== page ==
The Works of M. C. Escher
by Jozsef Bordas
Maurits Cornelis Escher was born on June 17, 1898 in Leeuwarden, the Netherlands. As a child, Escher received lessons in carpentry from a contractor's apprentice, and the skills he learned would eventually be useful to him in his work with woodcuts and linoleum cuts. He attended a public high school in Arnhem where his art teacher, impressed by his artistic skills, taught him how to make linoleum cuts and encouraged him to continue his artistic endeavors. Escher's first print was produced in 1916, and the following year he sent a sample of his prints to the graphic artist R. N. Roland Holst. Holst was impressed as well with Escher's work, and in 1918 Escher visited Holst, who taught him to produce woodcuts. Escher attended the School for Architecture and Decorative Arts in Haarlem in hopes of pursuing a career in engineering, as his father and brothers had, but Samuel Jessurum de Mesquita, an art professor at the school, saw his work and served as his mentor. After receiving his education, Escher married and spent time traveling in both Spain and Italy from 1924 to 1935, producing art inspired by his travels during these years. In 1935 Escher and his family moved to Switzerland, then to Belgium in 1937, and then back to the Netherlands in 1941. Escher continued to produce art until his death on March 27, 1972.
|Fig. 1: This sketch of beetles and butterflies illustrates the prevalence of geometric influences in Escher's work. (Taken from M.C. Escher: Visions of Symmetry) |
In terms of his artistic style, it is easy to recognize the influence of Escher's engineering background. Many of his works depict structures, usually of peculiar dimensions or comprised structurally in a way that does not make logical sense (see Fig. 4). These are usually referred to as the "impossible constructions" works. Another large category many of his works fall into is based more on geometric patterns, the inspiration of which Escher drew from the Moorish architecture in Alhambra, Spain. The works in this group fall into several subcategories. The first category is those works in which multiple copies of a single shape are used to fill in a region (such as in Fig. 1 and Fig. 2), and the shapes are either translations, axial rotations, or glide reflections of one another. Another variant is the "mosaic", in which completely different shapes are used to fill in a space. A variation on the first type is the "evolution", in which repeating shapes are gradually transformed into new shapes.
|Fig. 2: Horsemen is an example of one of Escher's geometric works. (Taken from http://www-history.mcs.st-andrews.ac.uk/Glossary/escherpics.html)|
Although the number of works Escher produced using these geometric techniques is extensive, his work was not limited to two-dimensional drawings. Certain pictures show transitions from the two-dimensional patterns into the three-dimensional world, and the aforementioned "impossible constructions" works have a more three-dimensional and realistic-looking representation of the objects portrayed. Escher also experimented with drawing reflections, which provide an intriguing new perspective of the world. Escher preferred to work with black and white due to the sharp contrast it creates in the picture. Very few of his works are in color, and these tend to be the geometric pictures, with each different repeating shape being its own distinct color. The geometric works rely heavily on the perception of positive and negative space (Fig. 2), while the three-dimensional drawings usually incorporate vanishing points to provide a sense of depth.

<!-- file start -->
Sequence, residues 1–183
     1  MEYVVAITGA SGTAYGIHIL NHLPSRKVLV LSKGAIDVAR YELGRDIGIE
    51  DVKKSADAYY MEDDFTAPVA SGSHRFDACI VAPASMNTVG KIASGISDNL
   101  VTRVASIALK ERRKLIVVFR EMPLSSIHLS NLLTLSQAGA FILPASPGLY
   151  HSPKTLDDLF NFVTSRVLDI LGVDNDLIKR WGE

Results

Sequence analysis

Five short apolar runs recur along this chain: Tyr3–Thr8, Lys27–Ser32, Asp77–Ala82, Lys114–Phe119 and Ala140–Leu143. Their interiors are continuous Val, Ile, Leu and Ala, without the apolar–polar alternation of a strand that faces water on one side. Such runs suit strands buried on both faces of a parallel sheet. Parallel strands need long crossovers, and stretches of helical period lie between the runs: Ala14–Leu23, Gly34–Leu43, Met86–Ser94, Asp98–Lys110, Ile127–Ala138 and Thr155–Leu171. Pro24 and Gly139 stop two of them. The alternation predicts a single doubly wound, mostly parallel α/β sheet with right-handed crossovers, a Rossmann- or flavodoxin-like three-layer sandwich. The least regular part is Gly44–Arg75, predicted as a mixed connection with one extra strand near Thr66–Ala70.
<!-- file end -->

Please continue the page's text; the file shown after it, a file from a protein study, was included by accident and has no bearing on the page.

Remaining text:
|Fig. 3: This drawing of a mosque in Cordoba shows Escher's inspirations from architecture. In addition, it also hints at the concept the infinite that Escher explored in his artwork. (Taken from M.C. Escher, His Life and Complete Graphic Work)|
|Fig. 4: Sketch of House of Stairs. This sketch (and the completed final product) are examples of the "impossible constructions" artwork that helped make Escher famous. (Taken from M.C. Escher, His Life and Complete Graphic Work)|
The reason I chose to research M. C. Escher is because I have always been a fan of his artwork and I hoped to learn more about both him and his art through this assignment. Escher found ways of presenting the world in peculiar new perspectives that do not cease to amaze me. The breadth of different styles he used is also impressive, and the imagination that is present in all of his pieces inspires me to try to achieve the same level of creativity.
Bool, F.H.; Kist, J.R.; Locher, J.L.; Wierda, F. M.C. Escher, His Life and Complete Graphic Work. New York : Harry N.
Abrams, Inc., 1982. Print.
Escher, Maurits Cornelis. Escher on Escher: Exploring the Infinite. New York: Harry N. Abrams, Inc., 1989. Print.
Escher, Maurits Cornelis. Th Graphic Work of M.C. Escher. New York: Hawthorn Books, Inc, 1960. Print.
Schattschneider, Doris. M.C. Escher: Visions of Symmetry. New York: Harry N. Abrams, Inc., 2004. Print.
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